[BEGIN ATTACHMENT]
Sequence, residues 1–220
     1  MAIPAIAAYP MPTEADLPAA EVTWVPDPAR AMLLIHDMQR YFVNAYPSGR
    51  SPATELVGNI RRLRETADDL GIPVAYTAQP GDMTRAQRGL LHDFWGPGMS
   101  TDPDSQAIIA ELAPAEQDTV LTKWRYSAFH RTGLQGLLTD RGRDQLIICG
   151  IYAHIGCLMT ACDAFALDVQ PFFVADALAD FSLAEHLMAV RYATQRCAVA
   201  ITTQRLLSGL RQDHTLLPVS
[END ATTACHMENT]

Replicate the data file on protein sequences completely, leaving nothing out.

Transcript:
Sequence, residues 1–220
     1  MAIPAIAAYP MPTEADLPAA EVTWVPDPAR AMLLIHDMQR YFVNAYPSGR
    51  SPATELVGNI RRLRETADDL GIPVAYTAQP GDMTRAQRGL LHDFWGPGMS
   101  TDPDSQAIIA ELAPAEQDTV LTKWRYSAFH RTGLQGLLTD RGRDQLIICG
   151  IYAHIGCLMT ACDAFALDVQ PFFVADALAD FSLAEHLMAV RYATQRCAVA
   201  ITTQRLLSGL RQDHTLLPVS